5. Never force a child to use the toilet or potty.
  6. Do not interrupt the child to use the toilet—for example, wait until they have finished their puzzle, etc. before offering the toilet.
  7. Focus on encouraging your child to be an active part of the process by asking them to push their pants down, open the tabs of their own diaper, and recognize if they have had a bowel movement or not (we always ask this to teach the children that if they have had a bowel movement, they will need our support to remove the diaper), wipe (when having a bowel movement we provide a small stool where they can turn around and put their hands on it for stabilization and the adult will clean them), place diaper in the trash, pull their own pants up after receiving a new diaper and wash/dry hands. This is a daily routine in our environment. As soon as you incorporate this at home, we believe your child will increase their interest, and signs of readiness will become more obvious.
  8. Provide clothing that supports the process. Avoid zippers, buttons, tight clothing, dresses, onesies, jeans, overalls, rompers, etc. Reminder: Please avoid this type of clothing on your child for school as well.

When should my child transition into wearing underwear?

When your child is staying dry for long periods, telling you when they are wet or soiled and they are having consistent success using the toilet at home and at school, it may be time to transition into underwear. The thick, quilted training pants work best as they allow the child to feel the wetness and are more absorbent than the thinner cotton underwear. When circumstances allow, you may let the child go bare bottom at home. This can help them see and understand what is happening. Please be aware that toddlers usually show signs of readiness at home first and as they become more confident in the process, the transition into school life usually is peaceful and successful.

Communication between home and school is vital in this process. Please always reach out with any questions you may have! We will be more than glad to assist you!


Lastly, we want to take a minute to give a shout-out to our wonderful Ms. Bethann.  She has supported and loved your children well and we all going to miss her so much! As she steps out to take care of her health, we wish her the best in her process and a speedy recovery! 💗We love you, Ms. Bethann!💗


Have a great weekend,

Mrs. Hood, Ms. Bethann, and Ms. Marissa. 

“There should be no pressure, no reward or punishment, no adult deciding when the child should learn to use the potty. The environment is prepared, and the child is free to explore and imitate in these natural developmental stages.” (The Joyful Child)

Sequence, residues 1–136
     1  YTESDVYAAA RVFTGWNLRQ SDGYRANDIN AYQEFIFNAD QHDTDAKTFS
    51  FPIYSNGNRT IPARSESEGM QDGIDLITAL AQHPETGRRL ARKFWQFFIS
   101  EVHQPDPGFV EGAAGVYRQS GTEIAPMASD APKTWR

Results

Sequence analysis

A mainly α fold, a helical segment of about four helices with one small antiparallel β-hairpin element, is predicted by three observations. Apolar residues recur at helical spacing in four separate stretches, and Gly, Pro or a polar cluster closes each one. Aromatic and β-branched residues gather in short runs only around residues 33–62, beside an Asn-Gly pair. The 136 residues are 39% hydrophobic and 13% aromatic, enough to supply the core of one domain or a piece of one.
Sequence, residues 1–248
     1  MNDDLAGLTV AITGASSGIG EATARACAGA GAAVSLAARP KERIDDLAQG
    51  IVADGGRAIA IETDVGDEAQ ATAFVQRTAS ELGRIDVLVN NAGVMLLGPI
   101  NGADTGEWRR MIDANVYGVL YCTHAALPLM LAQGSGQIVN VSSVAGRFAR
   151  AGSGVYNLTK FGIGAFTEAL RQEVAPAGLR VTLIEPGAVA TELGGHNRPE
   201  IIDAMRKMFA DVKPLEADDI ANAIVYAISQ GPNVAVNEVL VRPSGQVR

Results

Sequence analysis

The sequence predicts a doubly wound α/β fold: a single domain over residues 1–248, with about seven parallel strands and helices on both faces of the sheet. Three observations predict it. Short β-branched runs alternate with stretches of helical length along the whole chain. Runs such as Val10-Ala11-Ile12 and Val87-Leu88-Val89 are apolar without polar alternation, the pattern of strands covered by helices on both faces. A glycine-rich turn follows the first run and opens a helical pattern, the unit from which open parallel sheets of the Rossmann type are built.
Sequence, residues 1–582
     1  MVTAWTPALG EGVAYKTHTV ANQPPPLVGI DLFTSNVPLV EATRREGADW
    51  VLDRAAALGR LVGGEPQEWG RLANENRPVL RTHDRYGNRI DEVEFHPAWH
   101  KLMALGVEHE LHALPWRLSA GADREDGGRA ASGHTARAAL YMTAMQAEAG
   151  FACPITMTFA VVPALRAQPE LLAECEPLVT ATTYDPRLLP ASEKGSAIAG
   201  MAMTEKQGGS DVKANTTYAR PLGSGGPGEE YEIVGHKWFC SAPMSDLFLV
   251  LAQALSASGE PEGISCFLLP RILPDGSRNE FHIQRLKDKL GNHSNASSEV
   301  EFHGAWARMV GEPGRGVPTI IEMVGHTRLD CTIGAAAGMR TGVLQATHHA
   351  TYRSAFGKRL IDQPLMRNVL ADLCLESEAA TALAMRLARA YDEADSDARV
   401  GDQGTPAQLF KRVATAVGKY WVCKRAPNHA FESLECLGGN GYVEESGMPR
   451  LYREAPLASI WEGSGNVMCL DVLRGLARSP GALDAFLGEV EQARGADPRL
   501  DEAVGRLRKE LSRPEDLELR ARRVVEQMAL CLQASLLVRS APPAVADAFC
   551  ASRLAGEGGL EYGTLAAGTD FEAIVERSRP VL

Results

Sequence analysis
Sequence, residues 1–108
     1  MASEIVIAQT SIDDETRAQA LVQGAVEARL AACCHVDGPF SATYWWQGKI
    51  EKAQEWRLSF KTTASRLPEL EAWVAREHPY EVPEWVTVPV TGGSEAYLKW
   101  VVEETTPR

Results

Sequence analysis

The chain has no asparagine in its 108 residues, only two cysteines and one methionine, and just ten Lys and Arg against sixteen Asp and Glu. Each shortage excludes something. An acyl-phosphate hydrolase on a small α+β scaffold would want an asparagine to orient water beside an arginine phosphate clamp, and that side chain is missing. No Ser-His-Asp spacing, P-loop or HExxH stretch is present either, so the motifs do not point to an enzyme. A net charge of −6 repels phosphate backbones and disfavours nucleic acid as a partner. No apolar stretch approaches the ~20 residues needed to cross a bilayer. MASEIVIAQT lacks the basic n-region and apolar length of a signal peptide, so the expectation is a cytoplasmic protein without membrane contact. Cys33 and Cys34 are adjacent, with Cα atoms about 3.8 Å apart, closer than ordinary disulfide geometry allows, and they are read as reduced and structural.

Mrs. Wilson: Mittens vs Gloves

“Never help a child with a task at which he feels he can succeed.”
Maria Montessori

Can you imagine putting 120 little fingers into 12 pairs of mittens? It’s such a tedious task! This is why we focus so much on independence in the toddler program. One of the lessons we are focusing on is guiding the children to put on their own mittens. Mittens are a lot easier for toddlers to put on vs gloves successfully.  While they practiced we sang a song, called:

 The Mitten Song 
This is the song we sing in mitten weather.
Thumb in the thumb place
and fingers all together.

Please send in mittens with your child so we can continue to develop our independence.

Food Tasting this week was beets. Ten out of the twelve children liked them. I did hear a child say that the color of the beets was beautiful.

The children played a snowball toss game using fake, soft snowballs. First, we took a turn trying to get the snowball inside the penguin buckets. Then the children were invited to toss the snowballs at each other. Our friendly snowball fight was such a blast!

Mrs. Wilson: Welcome Winter!

In January, we are focusing on the winter season and cold climate animals. The children can explore penguins trapped in ice with a family of polar bears. This activity is a great way to explore the feeling of cold, and the stages of water as a solid to liquid. As the ice melts, the children express their joy in retrieving the penguins from the ice. In language, the children are learning new vocabulary words for winter weather clothing and arctic animals such as caribou, arctic fox, arctic rabbit, Huskey, beluga whale, orca, harp seal, walrus, and polar bear.

The practical life area is expanding. Some of the children received lessons this week on table washing. The task has a lot of steps and takes time to complete. The very last step in this work is to hang the wet towel on the clothesline, then put a dry towel in the bin for the next child. At this moment, they would much rather spray all of the water out of the bottle. As time goes on they will soon realize that too much water is harder to dry. I love watching the progression of this work go from a fun wet experience to purposeful work.